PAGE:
• Trauma Informed Care: New Online Tool. The Georgetown University, National Technical Assistance Center for Children’s Mental Health  and others have recently completed a new free online tool entitled, Trauma Informed Care: Perspectives and Resources. The tool aims to support state and local decision-makers, administrators, providers, parents, and youth and family advocates to become more trauma informed. It includes video interviews, issue briefs, key resources and links that will be updated monthly to keep up with new developments in the field. This FREE tool is now live and available for your use.
  • PATHS Program Helps Transition to Adulthood after Foster Care. Nineteen-year-old Brianna Deprey, of Algoma, Wisconsin, is getting help on her way to independence thanks to a new federally funded four-county pilot program. When Deprey was growing up, her grandmother obtained court-ordered kinship custody due to problems with alcohol and substance abuse in her home. Now that she is a young adult, she has yet to find a stable home environment. (Continue reading.)
  • Adoptive Parents Need to be Supported to Help Their Child Grieve for the Past. Children in the adoptive system will have suffered separation, loss and trauma. The child’s “journey” through this process is explained first to adopters and then to children, when they reach maturity, through court reports produced by social workers. The creation of a “life story” book with this information in can help the child understand what has happened to them, where they have lived, who has cared for them and the decisions that have happened in their lives. (Continue reading.)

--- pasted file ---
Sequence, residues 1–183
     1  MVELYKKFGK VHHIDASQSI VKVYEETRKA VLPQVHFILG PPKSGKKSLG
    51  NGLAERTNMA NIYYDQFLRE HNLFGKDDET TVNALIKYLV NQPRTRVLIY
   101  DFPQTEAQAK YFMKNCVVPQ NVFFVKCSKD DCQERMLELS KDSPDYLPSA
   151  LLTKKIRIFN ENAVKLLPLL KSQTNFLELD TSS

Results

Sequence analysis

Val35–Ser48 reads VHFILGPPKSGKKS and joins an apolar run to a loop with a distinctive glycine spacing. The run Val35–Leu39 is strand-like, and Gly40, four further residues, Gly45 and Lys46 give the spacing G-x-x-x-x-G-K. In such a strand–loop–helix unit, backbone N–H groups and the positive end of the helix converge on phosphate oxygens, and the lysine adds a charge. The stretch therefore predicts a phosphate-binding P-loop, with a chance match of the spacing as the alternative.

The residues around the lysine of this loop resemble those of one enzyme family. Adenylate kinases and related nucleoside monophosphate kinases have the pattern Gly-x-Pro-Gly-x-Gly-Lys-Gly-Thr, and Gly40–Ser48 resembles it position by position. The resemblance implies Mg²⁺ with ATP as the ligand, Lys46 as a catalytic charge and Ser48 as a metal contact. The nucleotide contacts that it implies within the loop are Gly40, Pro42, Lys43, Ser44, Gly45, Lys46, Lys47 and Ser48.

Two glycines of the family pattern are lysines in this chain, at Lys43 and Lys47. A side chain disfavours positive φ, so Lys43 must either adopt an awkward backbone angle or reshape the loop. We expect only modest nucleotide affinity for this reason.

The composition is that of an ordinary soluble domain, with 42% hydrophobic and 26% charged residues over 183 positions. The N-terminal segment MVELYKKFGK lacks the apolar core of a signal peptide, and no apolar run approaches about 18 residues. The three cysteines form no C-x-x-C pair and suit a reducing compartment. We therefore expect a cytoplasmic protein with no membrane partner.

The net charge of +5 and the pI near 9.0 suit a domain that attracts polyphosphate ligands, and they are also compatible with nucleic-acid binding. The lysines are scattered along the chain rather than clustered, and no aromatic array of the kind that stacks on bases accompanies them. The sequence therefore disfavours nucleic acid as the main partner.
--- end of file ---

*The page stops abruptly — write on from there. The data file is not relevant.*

Have news you’d like to share? Please post in our comments!

World Wide Wednesday, December 31, 2014

Before we get to this week’s World Wide Wednesday post, we’d like to wish you all a Happy New Year!

It’s World Wide Wednesday! Here’s what’s news in the world of foster care and adoption around the web:

World Wide Wednesday

  • Prevent Bullying. Research shows that parents and caregivers who spend at least 15 minutes a day talking with their child can build the foundation for a strong relationship and help prevent bullying. Now there’s a free app that can help. KnowBullying has simple conversation starters to begin a discussion with your child.
  • Adoption at the Movies. Interstellar.

  • Foster Parents Need More Support to Care for Vulnerable Children. When children are deemed at risk of abuse or neglect and are removed from the family home, they are placed in out-of-home care, either with foster parents, relatives or in residential facilities. The latter is the least preferred model and is often seen as a last resort. As the number of children in out-of-home care increases, it is concerning that the number of foster care families available to support them has not followed suit. Instead, every year, 14 percent of foster carers cease their caring roles. (Continue reading.)
  • New Site Features Child Welfare Resources. With the closing of the National Resource Center on Permanency and Family Connections on September 30, the Silberman School of Social Work at Hunter College transitioned to a new organization providing training and resources on key issues in child welfare. The new National Center for Child Welfare Excellence website includes a number of toolkits, webcasts, and other resources related to foster care and permanency.

Have news you’d like to share? Please post in our comments!